Trace McSorley looks like he’ll be the best quarterback in the Big Ten. James Franklin has done a remarkable of restoring Penn State quickly to national-contender status after the devastating Sandusky scandal.
And while running back Saquon Barkley, tight end Mike Gesicki and eight defensive starters are gone, there are a lot of reasons to think the Nittany Lions will be in the mix in the Big Ten East, which looks like the nation’s toughest division. (I don't expect the turmoil in Columbus to diminish that a whole lot.)
In a way, this is the year when we find out if Penn State is really back. Hang tough in a division with Ohio State, Michigan and Michigan State—and you’ve done something.[membership level="0"] The rest of this article is available to subscribers only - to become a subscriber click here.[/membership] [membership]
Franklin knows the 22-5 record the last two seasons has set the bar high—especially for a team that had scuffled to a 21-17 mark the previous three years under the weight of NCAA sanctions.
``Our players have been fantastic,’’ he said. ``In our four years, we've been able to accomplish really special things in a short period of time—and it really starts and ends with them.’’
That said, this is one of those transition years where perennial powers stay in the hunt by reloading. Franklin believes Penn State will show this fall that it is truly out from under the scholarship restrictions it endured.
That’s especially true on the offensive line, which Franklin expects to be Big-Ten-tough.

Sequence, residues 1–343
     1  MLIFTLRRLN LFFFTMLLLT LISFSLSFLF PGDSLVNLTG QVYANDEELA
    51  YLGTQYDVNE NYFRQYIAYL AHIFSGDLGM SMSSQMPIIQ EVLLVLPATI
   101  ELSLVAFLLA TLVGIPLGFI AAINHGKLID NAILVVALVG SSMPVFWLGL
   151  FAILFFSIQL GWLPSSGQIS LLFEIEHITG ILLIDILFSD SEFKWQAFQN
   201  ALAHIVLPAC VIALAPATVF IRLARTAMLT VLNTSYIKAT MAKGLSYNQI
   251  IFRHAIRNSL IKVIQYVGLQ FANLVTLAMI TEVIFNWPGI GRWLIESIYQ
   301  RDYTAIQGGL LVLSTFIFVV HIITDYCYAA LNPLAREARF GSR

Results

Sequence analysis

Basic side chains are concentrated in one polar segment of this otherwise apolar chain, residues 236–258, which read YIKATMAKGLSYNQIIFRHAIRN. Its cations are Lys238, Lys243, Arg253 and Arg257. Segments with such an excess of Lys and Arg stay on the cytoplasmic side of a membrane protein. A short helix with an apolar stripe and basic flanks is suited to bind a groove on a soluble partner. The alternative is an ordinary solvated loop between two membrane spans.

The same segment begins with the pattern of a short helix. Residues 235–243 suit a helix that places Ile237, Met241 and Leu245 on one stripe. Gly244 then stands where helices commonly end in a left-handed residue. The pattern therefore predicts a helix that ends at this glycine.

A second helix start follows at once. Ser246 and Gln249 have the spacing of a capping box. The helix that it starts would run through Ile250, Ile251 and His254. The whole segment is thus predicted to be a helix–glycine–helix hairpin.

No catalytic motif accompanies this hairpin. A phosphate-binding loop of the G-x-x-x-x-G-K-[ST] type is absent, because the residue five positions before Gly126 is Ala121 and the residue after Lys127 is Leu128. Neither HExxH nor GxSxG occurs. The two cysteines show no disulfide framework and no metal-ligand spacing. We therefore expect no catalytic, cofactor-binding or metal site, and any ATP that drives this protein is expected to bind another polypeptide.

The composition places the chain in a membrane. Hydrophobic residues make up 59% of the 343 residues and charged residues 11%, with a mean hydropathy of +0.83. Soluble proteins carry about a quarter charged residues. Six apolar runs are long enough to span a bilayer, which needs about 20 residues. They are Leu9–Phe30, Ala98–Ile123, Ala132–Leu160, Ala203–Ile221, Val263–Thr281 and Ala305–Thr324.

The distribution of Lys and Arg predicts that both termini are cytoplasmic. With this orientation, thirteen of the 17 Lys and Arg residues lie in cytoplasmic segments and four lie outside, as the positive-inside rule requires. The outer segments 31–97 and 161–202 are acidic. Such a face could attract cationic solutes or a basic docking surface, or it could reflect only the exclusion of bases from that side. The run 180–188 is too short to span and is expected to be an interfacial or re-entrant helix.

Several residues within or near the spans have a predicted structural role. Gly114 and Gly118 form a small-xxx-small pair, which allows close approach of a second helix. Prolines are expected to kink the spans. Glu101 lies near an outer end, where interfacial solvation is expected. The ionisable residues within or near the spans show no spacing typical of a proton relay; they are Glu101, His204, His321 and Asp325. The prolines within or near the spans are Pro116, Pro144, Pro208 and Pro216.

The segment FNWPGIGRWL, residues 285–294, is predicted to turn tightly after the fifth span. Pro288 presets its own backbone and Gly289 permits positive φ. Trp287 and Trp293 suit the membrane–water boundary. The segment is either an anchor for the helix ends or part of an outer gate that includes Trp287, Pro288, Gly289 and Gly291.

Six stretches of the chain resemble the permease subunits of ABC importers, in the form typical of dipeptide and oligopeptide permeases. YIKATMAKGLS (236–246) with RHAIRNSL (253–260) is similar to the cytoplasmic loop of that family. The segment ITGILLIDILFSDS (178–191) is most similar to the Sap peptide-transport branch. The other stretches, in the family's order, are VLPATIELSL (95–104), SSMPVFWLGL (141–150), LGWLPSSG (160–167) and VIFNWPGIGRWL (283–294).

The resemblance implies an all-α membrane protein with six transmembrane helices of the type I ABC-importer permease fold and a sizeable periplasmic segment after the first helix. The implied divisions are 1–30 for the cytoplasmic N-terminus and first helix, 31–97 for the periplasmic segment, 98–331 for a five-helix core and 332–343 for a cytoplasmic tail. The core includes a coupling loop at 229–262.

``For the first time we have an offensive line that we think has a chance to be a strength in our program,’’ he said. ``Obviously, a lot of questions [about] replacing Saquon Barkley. I don't know if you necessarily can replace a guy like that from a production standpoint. But I do think our offensive line, for the first time since we've been here, becoming a strength is going to help with that.’’
Quarterbacks coach Ricky Rahne takes over at offensive coordinator for Joe Moorhead, who is Mississippi State’s new head coach. That could be good for McSorley, who makes good decisions, has a good arm and good athleticism—and is a winner.
The tricky part is the schedule. But at least it has a little flow to it. The first big test figures to take place on Sept. 29, when Ohio State visits Happy Valley. After an open date, Michigan State comes to town. A Nov. 3 trip to Michigan will be followed by a Nov. 10 home game vs. Wisconsin. If Iowa, which plays at Penn State on Oct. 27, shows its teeth, that could be quite a challenging stretch.
But all indications are that Penn State is back. And programs like Penn State figure out how to deal with challenges.[/membership]